The House has always been told this. The hon. Member for Kensington knows perfectly well that when I received a deputation from him and a mothers' action group many months ago I explained to him then the absolute physical difficulties we were experiencing in the Washington situation and the slippage in the building programme which had occurred there. Of course we have never hidden this. We have been constantly canvassing it. It was not until we had exhausted all the possible alternatives that we were forced to face the facts as I have put them to the House.

I repeat that we have gone back to the Emerson building, which we expect to be ready for the 1977 start. I repeat that Amendments Nos. 1 and 17 should not be supported, because they are inoperable and it is obviously absurd for the House to pass amendments which it knows, if it is honest, cannot be carried out. As for Amendment No. 15 which seeks to fix the date for the introduction of interim benefit, hon. Members opposite, and certainly the hon. Member for Rushcliffe, know full well that it is the long-accepted practice in social security legislation—a practice faithfully observed by the Tories when they were in office—that the principal legislation lays down the benefit structure and the operational dates are set out in a commencement order and not in the Bill itself.

The hon. Member said that he would be very interested to know my reasons for not accepting the amendment embodying the date in the principal Bill. My answer is that my reasons are those that his own Government have always advanced, namely, keeping in line with the common practice of successive Governments that the date is put in the commencement order and not in the Bill itself and that there is no reason whatsoever for changing that practice at present. We are following that pattern.

We are committed to introducing the interim benefit by April 1976. In the same way, the Chancellor and I have told the House that child benefit itself will begin in April 1977. I assure hon. Members that the 1977 start is not at risk because of building difficulties, because it does not depend on the use of Durham House in which the high alumina cement was discovered. Therefore, I suggest to the House that we drop the charade of the phony wrath of hon. Members opposite, face the facts, and get on with this great step forward in this reforming structure Bill.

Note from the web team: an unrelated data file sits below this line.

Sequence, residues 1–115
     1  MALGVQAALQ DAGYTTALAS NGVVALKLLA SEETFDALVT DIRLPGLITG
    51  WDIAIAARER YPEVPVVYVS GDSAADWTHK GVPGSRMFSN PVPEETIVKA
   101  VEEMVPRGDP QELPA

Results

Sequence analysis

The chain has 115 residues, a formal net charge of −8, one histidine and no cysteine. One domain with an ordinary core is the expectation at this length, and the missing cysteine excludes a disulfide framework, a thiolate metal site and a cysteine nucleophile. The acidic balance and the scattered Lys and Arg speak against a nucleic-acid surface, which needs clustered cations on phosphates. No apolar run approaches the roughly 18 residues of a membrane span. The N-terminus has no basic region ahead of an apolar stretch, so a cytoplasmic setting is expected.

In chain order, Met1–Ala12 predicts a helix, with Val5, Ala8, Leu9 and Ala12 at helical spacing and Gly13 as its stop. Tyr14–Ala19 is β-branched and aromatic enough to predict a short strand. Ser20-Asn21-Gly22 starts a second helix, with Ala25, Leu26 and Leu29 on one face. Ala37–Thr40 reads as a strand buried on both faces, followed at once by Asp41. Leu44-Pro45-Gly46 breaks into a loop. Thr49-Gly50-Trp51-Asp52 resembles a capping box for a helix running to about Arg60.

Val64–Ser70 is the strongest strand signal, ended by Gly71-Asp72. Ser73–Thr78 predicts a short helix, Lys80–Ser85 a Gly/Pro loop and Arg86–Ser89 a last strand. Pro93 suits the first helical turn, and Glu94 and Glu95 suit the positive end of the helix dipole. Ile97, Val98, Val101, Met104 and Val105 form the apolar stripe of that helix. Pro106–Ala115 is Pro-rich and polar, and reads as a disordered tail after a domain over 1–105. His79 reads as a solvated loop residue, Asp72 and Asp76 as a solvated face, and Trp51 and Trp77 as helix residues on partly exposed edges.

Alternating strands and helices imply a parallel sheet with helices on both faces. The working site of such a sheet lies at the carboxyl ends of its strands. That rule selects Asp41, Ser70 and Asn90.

As the right hon. Lady did not allow me any opportunity of intervening, I am afraid I have to ask the leave of the House to say a few more words on my amendment. We all waited to hear her make some clear commitment as to when the interim benefit would start and how much it would be, and when the child benefit would start and how much that would be. If her position and that of her Government is so clear, why was she not able to take advantage of this amendment to spell it out and tell the House instead of forcing us to divide?

In spite of the Secretary of State's histrionics, ill-temper and governess-like approach to me, I could not help thinking that she had a very poor case. What would someone like Peggy Herbison or Eleanor Rathbone have done in a similar position? She would have turned to her colleagues in Cabinet and insisted that mothers got the assistance they need in the current inflationary situation. It is no good looking to the Secretary of State to be a champion of mothers. She is interested in women who are members of trade unions—she is prepared to fight for them—but mothers embarrass her and for them she is not prepared to fight.

The British Civil Service is capable of meeting this challenge if it is properly led, but it is not getting the necessary leadership from the Secretary of State and her Ministers. When there was the emergency over petrol rationing, there was speedy enough action. Indeed, when family allowances were first introduced, we did not have stories of difficulties in finding office space and staff. There was the will to bring in family allowances and it was done.

The House has had to suffer from the right hon. Lady the sort of display seen at a small company's shareholders meeting when an inefficient old managing director is trying to explain things to angry shareholders who know they are going to vote to get rid of him. The Government benches have been empty during the debate. Labour Members are as uninterested in mothers as is the Secretary of State. But they will vote in strength and that will prove their social priorities.